Eager fans swarmed sales windows in Beijing on Friday to buy the final batch of tickets for next month's Olympic Games after waiting for up to two days.

Scuffles broke out at one ticket site as officials opened additional sales windows at the last minute, causing some fans to stampede ahead of others in a bid to buy some of the 250,000 tickets that went on sale in different parts of the host city.

"It was so unfair," said Ji Liqiang, who waited for 28 hours with Wang Zhenqiang, a fellow businessman from eastern Shandong province, for a chance to buy tickets to the diving competition.

"Those who came late but were able to push forward got the tickets," he said.

The two lost their place in line in the scramble and instead of tickets to see the diving — where China is a gold-medal favorite — they ended up with tickets to the synchronized swimming.

"It was very dangerous. I was afraid," Wang said. "People got hurt around me. They fell and injured their knees and elbows. A barricade was bent out of shape by the crowd."

Zhang Xiaojing, 17, who came from Hebei province with her cousin and three friends, said the line was fairly orderly when she arrived Thursday afternoon. But during Friday's rush, only three of her friends were able to elbow their way close enough to be in a position to buy tickets.

"If I'm going to be disappointed, I'm going to be disappointed. But I'm so tired. I didn't sleep last night," she said.

The official Xinhua News Agency said 30,000 people lined up for tickets, but because of the hot weather and the long wait some people became impatient. Police immediately took actions to maintain order, including limiting access to some areas, it said.

Some journalists were escorted away after going into the off-limit areas, Xinhua said. Hong Kong television showed several journalists pushing back and forth with police.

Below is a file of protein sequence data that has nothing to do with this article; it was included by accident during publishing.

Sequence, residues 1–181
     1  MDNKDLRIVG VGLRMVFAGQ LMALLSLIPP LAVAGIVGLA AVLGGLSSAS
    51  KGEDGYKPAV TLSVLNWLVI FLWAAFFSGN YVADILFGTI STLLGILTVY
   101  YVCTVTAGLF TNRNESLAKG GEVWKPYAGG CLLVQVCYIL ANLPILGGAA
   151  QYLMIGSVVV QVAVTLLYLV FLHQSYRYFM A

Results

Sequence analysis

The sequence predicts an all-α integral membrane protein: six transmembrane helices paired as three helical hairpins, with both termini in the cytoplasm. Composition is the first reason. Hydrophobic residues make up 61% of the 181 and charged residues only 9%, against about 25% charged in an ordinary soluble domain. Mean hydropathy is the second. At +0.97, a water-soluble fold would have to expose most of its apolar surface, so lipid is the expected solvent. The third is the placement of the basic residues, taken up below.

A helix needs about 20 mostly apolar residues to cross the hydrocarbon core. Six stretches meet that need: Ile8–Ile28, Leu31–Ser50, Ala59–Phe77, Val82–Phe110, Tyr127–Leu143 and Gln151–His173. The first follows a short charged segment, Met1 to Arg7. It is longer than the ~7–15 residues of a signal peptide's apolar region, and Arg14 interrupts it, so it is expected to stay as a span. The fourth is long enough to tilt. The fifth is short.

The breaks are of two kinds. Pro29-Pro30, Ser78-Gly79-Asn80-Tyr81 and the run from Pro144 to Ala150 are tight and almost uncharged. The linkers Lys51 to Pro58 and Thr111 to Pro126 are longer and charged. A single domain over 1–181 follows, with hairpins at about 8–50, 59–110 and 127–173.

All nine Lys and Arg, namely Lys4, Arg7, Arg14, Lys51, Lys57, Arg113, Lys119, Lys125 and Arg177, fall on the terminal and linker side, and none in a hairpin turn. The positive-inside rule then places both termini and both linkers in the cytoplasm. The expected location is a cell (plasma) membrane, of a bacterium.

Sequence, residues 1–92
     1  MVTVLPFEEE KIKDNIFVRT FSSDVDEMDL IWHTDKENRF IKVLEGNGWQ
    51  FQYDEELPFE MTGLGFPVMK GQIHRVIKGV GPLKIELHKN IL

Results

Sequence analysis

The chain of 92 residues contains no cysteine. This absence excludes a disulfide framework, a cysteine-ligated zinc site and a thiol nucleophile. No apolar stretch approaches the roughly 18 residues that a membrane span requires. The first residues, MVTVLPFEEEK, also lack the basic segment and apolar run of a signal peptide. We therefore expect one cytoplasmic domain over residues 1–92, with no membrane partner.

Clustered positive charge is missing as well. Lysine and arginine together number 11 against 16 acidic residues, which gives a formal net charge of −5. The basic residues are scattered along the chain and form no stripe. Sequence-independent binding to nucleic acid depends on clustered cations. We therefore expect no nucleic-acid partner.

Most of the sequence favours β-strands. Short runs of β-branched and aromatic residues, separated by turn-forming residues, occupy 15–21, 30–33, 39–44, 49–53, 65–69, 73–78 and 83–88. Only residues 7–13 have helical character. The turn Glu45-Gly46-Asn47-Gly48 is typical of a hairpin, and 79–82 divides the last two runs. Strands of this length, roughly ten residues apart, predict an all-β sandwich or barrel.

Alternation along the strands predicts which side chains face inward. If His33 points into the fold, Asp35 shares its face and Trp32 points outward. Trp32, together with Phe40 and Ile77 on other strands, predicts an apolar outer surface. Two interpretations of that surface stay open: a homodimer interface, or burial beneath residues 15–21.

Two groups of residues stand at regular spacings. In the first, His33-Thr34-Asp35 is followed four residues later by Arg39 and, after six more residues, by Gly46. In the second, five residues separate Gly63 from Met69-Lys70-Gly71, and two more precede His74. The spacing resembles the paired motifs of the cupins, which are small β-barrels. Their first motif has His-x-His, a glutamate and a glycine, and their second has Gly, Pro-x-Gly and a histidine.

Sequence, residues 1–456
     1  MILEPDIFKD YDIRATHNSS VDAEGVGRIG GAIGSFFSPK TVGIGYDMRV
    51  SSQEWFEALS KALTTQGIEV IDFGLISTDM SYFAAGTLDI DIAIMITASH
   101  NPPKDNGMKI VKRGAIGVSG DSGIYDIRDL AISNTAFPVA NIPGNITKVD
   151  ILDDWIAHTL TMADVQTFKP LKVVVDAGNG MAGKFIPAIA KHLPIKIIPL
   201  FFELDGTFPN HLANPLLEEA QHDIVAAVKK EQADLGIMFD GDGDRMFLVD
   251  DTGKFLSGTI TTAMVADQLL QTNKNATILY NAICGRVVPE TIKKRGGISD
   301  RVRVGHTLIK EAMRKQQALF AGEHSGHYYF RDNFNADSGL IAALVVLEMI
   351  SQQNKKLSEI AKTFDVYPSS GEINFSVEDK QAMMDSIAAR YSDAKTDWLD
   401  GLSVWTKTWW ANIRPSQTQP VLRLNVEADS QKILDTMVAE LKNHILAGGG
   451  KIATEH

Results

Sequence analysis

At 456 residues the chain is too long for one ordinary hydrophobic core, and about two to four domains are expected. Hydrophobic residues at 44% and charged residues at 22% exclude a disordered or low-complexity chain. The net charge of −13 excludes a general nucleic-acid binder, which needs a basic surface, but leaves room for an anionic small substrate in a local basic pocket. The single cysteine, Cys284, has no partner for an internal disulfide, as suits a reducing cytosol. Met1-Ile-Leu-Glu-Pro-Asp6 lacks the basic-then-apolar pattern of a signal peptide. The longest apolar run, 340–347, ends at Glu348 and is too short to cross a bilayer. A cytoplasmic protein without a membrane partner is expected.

Footage from Hong Kong Cable TV showed a policeman putting his arm around the neck of a Hong Kong Cable TV reporter and pulling him to the ground. The reporter said he was assaulted after his crew refused to leave a media zone, Cable TV reported. They were seen surrounded by dozens of police.

A spokeswoman for Hong Kong Cable TV said it was "unacceptable" for Chinese authorities to treat the media that way.

"We hope the authorities will live up to their earlier promise to allow full freedom of the press during the Olympic Games," said Shum Siu-wah.

Despite the problems, an Olympic official said the start of the sale went well.

"There were so many people who wanted tickets so we decided to open more ticket windows. ... In general, so far the ticket sale has gone smoothly," said Sun Weide, spokesman for Beijing's Olympic organizing committee.

For others like Xue Manjie, the wait was worth it. The 19-year-old and eight friends bought tickets after waiting since Thursday morning.

"We can't get the tickets for the games we want but at least we can have a look inside the Water Cube and the Bird's Nest," Xue said, referring to the swimming venue and the main athletics stadium.

Xue and his friends, who just finished their university entrance exams, wanted tickets to basketball, but had to settle for synchronized swimming and preliminary track and field events.

At Wukesong in the western part of Beijing, tens of thousands of people were lined up to buy tickets for the popular basketball competition. About 20,000 basketball tickets were expected to go on sale.

In addition to the tickets for Olympic events in Beijing, another 570,000 tickets are on sale for football matches in co-host cities: Tianjin, Shanghai, Shenyang and Qinhuangdao.

All told, 6.8 million Olympic tickets have been available for domestic and foreign sales. The Olympics start Aug. 8.

In November, organizers were embarrassed when the computer system crashed, forcing organizers to sack the Olympic ticketing chief and revert to a lottery system to sell tickets.

Organizers have said they are taking precautions against fake tickets and black market scalping, both of which are common in China.

Xinhua said Thursday that Beijing police have detained 60 suspects for scalping Olympic tickets in the past two months, citing a police spokesman. Those found selling tickets on the black market can face 10 to 15 days in detention, Xinhua said.